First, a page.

Bundy and Boone would go on to have a child together named Rosa in 1982 while he was on death row. The pair even sent out Christmas cards from their unconventional family, Boone’s friend Diane Smith recalled in the new Amazon docu-series “Ted Bundy: Falling For a Killer”.
“She talked about the circus that was at trial and Ted’s side of it and how she could believe that he could be innocent,” Smith said of Boone.
The friends met through their connection to a Gainesville citizens group against the death penalty.
Trish Wood, producer and director of “Ted Bundy: Falling For a Killer,” told Oxygen.com that Boone surrounded herself by people who were “buttressing” her belief in Bundy’s innocence.
“She was supported by people in the anti-death movement in Florida as well, so, you know, she was obviously in some kind of denial about it, but she certainly had support,” Wood said.
Smith also revealed details of Boone’s past in the docu-series that could have made her more susceptible to Bundy’s influence.
Smith said Boone’s brother had drowned in a swimming pool when he was 15 years old and that Boone had always been plagued by grief. She believes Boone may have seen Bundy as a way to try to save a life after being unable to save the life of her brother.
“She’s been vilified and maybe rightly so by people who didn’t understand her, but when you learn more about her, she becomes a much more, in my view, sympathetic character,” Wood told Oxygen.com.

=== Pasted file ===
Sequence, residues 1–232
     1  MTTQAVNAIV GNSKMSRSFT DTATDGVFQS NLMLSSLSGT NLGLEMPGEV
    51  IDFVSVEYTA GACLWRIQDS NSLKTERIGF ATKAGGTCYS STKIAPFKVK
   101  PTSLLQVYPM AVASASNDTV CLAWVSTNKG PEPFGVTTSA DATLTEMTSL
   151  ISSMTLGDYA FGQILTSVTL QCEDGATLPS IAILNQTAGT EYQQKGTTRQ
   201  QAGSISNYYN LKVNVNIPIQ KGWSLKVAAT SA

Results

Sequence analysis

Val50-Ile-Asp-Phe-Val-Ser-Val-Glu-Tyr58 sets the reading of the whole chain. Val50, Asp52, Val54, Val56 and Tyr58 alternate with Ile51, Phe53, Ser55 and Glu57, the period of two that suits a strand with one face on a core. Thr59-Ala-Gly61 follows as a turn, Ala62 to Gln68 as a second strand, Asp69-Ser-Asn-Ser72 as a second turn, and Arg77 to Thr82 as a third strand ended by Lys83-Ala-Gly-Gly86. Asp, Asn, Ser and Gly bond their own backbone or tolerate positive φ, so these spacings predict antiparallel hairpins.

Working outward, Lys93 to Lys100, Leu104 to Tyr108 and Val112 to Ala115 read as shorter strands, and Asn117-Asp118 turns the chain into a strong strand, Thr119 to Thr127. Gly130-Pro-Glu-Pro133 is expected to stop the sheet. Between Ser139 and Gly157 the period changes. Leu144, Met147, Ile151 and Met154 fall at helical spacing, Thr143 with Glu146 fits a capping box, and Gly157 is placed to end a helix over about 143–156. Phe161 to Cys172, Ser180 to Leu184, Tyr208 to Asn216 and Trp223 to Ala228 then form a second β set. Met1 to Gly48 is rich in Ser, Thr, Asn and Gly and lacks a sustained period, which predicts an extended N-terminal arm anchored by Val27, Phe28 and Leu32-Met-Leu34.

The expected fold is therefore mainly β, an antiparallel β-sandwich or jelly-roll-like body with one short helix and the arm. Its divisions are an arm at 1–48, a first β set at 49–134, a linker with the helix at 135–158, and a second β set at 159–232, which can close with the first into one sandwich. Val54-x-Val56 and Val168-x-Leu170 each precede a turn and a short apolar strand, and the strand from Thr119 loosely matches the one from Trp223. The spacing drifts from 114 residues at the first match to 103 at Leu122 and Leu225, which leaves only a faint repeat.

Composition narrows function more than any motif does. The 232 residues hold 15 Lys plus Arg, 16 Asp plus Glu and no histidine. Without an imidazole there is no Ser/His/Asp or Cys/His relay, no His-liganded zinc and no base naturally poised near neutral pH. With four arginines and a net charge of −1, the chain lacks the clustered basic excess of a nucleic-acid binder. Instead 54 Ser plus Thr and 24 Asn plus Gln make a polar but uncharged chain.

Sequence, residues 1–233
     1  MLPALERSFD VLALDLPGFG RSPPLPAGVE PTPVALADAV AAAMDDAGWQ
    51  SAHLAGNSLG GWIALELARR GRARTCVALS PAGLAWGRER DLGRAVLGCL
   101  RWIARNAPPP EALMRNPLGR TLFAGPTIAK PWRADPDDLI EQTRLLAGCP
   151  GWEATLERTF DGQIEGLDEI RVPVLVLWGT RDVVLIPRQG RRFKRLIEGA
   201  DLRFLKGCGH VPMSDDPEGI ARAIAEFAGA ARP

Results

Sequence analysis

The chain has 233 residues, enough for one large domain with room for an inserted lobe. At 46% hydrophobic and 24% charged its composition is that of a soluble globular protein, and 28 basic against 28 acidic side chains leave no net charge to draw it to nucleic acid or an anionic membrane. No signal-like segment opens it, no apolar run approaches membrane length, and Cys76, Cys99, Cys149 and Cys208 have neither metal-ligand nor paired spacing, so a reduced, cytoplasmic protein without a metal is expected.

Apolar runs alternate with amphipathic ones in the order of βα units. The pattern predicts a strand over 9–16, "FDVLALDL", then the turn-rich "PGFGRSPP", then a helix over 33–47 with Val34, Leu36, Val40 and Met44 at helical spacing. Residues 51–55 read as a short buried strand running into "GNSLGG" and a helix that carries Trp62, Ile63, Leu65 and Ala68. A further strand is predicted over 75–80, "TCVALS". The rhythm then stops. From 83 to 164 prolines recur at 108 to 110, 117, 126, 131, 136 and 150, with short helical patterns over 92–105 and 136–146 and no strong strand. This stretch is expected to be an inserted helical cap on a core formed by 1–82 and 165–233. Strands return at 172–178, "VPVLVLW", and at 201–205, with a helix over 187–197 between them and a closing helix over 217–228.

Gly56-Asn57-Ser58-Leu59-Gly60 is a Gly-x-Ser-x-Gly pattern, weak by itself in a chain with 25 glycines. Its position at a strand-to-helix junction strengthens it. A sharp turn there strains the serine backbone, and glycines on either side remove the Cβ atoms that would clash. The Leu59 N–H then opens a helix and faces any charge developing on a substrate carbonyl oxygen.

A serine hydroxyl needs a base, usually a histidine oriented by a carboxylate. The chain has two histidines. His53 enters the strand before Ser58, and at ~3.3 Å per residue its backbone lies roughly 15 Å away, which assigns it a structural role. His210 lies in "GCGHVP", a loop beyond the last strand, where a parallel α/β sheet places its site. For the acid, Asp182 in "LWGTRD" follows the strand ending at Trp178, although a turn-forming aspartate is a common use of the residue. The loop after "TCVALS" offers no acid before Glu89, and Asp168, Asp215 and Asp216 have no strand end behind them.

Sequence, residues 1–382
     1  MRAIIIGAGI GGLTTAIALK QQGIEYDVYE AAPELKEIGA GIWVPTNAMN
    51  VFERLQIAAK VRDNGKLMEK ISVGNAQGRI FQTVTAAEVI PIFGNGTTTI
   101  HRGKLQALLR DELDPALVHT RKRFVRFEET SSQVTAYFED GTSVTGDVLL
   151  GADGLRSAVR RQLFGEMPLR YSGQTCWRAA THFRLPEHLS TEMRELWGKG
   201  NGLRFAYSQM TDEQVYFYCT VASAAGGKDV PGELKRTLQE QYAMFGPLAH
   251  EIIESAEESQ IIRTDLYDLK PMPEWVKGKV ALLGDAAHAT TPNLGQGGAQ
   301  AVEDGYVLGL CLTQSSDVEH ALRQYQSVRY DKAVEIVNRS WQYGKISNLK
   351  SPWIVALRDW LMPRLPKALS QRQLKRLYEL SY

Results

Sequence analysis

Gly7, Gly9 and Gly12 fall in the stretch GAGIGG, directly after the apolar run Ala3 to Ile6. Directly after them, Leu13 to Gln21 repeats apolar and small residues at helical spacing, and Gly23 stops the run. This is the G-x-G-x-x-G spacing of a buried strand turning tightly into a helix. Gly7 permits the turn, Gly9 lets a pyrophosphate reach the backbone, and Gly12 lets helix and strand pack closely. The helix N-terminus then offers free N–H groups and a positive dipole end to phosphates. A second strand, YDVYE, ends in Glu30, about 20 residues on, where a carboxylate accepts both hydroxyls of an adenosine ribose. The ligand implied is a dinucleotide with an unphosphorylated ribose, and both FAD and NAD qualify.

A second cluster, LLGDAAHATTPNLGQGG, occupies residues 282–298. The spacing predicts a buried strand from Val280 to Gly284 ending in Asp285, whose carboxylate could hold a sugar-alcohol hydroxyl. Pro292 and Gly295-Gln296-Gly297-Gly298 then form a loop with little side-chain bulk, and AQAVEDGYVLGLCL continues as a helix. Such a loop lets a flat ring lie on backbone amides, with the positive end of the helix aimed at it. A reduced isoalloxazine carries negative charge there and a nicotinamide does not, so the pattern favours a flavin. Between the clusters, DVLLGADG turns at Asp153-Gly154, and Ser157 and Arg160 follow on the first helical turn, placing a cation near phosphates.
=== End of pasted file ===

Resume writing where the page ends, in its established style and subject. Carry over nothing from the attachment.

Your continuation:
But over time, the relationship between Boone and Bundy began to crumble.
“He was exhausting, obsessive, demanding, moody, always needing as if she didn’t have enough to do,” Smith said of Bundy adding that eventually Boone “was just tired of him.”
As was it becoming less likely Bundy would win a stay of execution, Smith said he called Boone and asked if he should start giving up information about where some of the bodies had been discarded to try to win more time before being executed.
“That was his way of telling her. That there were bodies that he knew about and that he had actually killed all those people,” Smith said in the series. “That call was just devastating for her. She was really angry. I am surprised she talked to him at all. And he wanted to talk to Rosa and she said no. So, there was no goodbye for Rosa.”
Boone divorced Bundy and stopped bringing his daughter to see him in prison.
After the fallout, she and her daughter slipped out of the spotlight and little is known of the life they led after they left the charismatic killer behind.
Boone died in a Washington state retirement home in 2018, according to the docu-series.
[Photo: Associated Press]